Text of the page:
There is no production of joy in Washington. The purpose of bars here is to drink, period. At gay bars along 17th Street, even on a weekend night you can toss back a vodka cocktail for a mere $2. Getting trashed and going to sleep is the preferred form of escape.

Yes, D.C. has nightclubs, but too often they are pale imitations of their New York counterparts. Ozone, the gay club on Connecticut Avenue NW, even has a “New York” night every other week—every other week. It’s hard to imagine a “D.C. Night”: Drag queens dressed as first ladies? A dance remix of “The Star-Spangled Banner”? Free drinks for anyone who can name the Democratic members of the Senate Judiciary Committee?

On his first visit to New York, in 1831, Alexis de Tocqueville sailed into the city up the East River. In the distance, he saw several stately marble buildings of classical design. Intrigued, he went for a closer look the next day. He discovered that the buildings weren’t marble but rather painted brick. The columns were wooden.

I may well have the same experience. New York’s shine will doubtless grow tawdry; its nightlife will come to seem both expensive and cheap at the same time. And I will probably wear that same grimace that New Yorkers share, probably from living so close they can smell each other’s trash and working too hard to buy $5 boxes of cereal at crime-riddled corner stores.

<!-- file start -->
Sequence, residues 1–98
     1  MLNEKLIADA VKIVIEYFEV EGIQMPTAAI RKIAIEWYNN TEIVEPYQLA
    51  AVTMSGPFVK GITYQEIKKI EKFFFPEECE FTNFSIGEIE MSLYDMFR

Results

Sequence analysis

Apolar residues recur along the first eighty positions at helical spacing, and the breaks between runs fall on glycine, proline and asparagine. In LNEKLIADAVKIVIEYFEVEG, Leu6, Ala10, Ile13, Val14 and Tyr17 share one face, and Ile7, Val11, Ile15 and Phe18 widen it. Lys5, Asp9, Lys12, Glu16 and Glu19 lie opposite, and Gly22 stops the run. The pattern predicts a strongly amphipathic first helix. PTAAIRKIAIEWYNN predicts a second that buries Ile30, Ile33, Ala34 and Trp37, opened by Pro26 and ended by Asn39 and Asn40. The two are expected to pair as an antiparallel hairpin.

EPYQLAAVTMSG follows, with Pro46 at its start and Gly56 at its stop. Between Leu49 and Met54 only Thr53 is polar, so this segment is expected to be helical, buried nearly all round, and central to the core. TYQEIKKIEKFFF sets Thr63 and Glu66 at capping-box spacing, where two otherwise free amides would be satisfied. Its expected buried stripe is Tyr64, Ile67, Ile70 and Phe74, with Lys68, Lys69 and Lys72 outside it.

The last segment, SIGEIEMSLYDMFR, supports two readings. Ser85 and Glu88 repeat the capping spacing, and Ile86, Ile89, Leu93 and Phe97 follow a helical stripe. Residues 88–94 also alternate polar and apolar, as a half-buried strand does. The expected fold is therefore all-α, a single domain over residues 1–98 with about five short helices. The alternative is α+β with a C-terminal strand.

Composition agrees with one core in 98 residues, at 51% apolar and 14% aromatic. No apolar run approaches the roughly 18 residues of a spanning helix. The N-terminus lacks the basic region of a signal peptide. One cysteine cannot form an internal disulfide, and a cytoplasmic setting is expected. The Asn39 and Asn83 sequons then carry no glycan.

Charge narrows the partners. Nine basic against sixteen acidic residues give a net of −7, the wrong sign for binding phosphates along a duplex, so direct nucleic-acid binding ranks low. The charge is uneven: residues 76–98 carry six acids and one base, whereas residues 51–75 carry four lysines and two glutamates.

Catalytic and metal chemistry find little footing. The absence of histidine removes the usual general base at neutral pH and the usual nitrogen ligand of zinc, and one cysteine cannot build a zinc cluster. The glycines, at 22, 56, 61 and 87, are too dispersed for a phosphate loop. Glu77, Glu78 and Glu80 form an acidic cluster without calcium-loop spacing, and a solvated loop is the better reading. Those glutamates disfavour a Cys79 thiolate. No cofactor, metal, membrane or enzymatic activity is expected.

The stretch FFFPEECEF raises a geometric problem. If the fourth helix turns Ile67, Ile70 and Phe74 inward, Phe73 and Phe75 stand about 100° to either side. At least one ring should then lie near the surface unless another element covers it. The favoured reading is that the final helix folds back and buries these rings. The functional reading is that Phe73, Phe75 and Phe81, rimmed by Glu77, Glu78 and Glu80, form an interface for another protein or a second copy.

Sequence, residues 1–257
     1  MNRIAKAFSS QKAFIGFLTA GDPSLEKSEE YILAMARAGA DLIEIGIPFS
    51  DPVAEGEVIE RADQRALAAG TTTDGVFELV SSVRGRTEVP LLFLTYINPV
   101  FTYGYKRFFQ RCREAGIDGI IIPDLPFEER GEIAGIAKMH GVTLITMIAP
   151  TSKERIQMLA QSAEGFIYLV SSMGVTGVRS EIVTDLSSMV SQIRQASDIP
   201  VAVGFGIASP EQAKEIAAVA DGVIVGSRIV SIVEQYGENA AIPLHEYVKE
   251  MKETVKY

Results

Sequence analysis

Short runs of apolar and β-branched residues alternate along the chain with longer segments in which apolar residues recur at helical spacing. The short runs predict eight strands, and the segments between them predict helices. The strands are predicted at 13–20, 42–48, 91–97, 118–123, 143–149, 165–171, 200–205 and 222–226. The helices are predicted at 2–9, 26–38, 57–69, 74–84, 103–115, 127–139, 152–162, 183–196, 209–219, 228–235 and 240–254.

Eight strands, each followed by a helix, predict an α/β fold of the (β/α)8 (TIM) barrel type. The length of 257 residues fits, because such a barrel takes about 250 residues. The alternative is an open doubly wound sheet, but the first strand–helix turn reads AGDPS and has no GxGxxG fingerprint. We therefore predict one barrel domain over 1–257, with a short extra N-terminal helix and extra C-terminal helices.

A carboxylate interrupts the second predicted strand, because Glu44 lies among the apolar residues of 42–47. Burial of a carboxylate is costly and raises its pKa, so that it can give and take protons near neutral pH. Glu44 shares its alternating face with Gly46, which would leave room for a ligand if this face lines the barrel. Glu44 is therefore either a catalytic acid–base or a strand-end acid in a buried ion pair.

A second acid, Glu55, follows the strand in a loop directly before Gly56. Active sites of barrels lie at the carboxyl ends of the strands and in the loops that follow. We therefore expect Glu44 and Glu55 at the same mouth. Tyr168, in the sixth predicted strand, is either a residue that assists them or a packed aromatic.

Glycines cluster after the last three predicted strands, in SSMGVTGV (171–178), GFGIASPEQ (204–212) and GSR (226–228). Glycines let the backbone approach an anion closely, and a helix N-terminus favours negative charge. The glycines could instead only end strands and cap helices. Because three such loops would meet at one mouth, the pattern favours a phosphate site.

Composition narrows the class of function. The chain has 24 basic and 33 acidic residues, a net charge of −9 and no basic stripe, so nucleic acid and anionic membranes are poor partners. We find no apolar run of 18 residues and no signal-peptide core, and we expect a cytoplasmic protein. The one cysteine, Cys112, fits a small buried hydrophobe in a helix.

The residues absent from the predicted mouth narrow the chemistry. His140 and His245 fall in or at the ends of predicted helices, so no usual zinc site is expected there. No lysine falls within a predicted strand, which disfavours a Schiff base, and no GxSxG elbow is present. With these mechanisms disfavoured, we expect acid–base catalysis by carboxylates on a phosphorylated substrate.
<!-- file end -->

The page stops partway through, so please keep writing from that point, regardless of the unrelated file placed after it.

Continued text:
“In D.C., you can fail and still live,” Aviance told me. “In New York, you can’t fail and live.” No doubt he’s right.

But there’s a certain honesty New Yorkers have about the city’s callous and garish nature—an honesty Washingtonians lack. Washington, we believe, is still vital—despite the devolution of federal power, a deficit that may disappear on its own, and the end of the nuclear threat. It’s always been this way: De Tocqueville noted that Washington’s planners had already cleared trees from a huge unpopulated area around the city. They expected 1 million residents, he said.

In 1950, the District’s population reached 802,000, its peak. Today, it’s about 545,000. And it’s about to fall by one more.CP

Art accompanying story in the printed newspaper is not available in this archive: Takeshi Tadatsu.